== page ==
Monday, December 8, 2014

Innovation or Violation – Improving safety carefully

Organizations vary in their tolerance for change.  A bureaucracy is usually very intolerant of change whereas a start up organization thrives on it.  Many mature organizations have studied what it takes to become and remain market leaders. These organizations   concluded that change is inevitable if they are to remain competitive with the others who are searching for ways to take market share away from the market leader.  The many knock off varieties of the Toyota Production System (TPS) come to mind as a structured approach to managing the relentless pursuit of excellence.    

Change agents I have met try to keep pushing the improvement envelope. All of them have a history of making some mistakes along the way.  Business literature has made comments in regards to the way innovators are treated. The literature states that punishment of occasional errors is not a good idea for those organizations that are in need of improvement.  How then does one take into account the inevitable errors for those who are leading the necessary efforts to improve the numerous processes which need adjustment for the many attributes of performance?

Innovation is seldom revolutionary.  Usually there are many small steps to improvements.  These must continue. However, there must also be careful consideration not to cross a critical barrier that takes innovation to violation, which could lead to potentially serious consequences.  The innovators are often blind to the cliff edge as they are focused on the next step of improvement. There is a need to consistently evaluate risks and make sure your well intentioned innovators do not violate significant risk barriers that must be in place.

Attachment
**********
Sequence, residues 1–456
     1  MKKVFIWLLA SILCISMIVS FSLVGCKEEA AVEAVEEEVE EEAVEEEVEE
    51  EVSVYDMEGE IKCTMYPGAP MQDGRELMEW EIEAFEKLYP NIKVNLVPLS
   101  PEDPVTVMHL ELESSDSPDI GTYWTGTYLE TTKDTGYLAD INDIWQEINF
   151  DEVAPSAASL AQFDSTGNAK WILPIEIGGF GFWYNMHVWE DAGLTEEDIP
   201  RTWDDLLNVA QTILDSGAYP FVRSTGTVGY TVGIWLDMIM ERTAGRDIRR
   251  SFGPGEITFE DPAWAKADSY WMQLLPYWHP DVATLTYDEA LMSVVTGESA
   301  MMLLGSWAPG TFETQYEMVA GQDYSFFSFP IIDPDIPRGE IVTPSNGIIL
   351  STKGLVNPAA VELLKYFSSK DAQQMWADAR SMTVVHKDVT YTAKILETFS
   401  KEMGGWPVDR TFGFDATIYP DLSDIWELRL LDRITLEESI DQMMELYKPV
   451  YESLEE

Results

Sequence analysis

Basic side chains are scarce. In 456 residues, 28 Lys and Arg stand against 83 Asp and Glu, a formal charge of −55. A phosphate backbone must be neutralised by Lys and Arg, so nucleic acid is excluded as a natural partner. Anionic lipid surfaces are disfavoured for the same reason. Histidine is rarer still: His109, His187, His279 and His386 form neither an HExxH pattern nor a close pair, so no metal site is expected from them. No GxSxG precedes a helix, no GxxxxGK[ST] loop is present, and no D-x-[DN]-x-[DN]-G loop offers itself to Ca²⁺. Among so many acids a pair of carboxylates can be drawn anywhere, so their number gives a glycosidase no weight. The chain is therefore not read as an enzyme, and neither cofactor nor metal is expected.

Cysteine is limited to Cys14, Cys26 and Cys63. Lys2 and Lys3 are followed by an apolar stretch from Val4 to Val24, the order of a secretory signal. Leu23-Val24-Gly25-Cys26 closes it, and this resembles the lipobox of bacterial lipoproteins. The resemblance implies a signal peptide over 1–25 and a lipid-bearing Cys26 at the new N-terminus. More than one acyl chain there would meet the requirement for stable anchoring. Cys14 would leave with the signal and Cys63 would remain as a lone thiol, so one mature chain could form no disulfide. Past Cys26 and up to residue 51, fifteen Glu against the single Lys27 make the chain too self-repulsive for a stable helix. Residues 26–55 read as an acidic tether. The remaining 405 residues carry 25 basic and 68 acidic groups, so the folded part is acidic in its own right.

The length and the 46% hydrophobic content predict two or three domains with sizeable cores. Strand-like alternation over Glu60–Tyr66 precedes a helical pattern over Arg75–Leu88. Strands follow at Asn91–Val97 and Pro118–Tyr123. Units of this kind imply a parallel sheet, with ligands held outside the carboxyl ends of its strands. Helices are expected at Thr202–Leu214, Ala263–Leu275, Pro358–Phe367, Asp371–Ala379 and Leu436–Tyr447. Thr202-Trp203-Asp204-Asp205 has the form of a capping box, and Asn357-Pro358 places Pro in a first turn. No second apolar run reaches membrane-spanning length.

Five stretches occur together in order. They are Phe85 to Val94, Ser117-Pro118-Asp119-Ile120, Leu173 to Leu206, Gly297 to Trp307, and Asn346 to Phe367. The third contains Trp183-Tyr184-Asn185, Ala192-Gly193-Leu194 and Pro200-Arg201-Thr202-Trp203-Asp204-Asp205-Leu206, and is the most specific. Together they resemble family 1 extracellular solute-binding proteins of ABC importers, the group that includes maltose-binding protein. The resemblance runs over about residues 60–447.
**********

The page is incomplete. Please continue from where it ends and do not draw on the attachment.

The Caterpillar safety improvement model has a small safety steering committee made up of executives, middle managers, front line supervisors and hourly technicians.  This group is tasked with both leading strategic safety improvements and evaluating innovative Rapid Improvement Workshop (RIW) team solutions for appropriateness and implementation risk reality.  If your organization is involved with an ongoing improvement culture, you might consider forming a similar oversight group which can help prevent innovation from becoming violation.

The Doc

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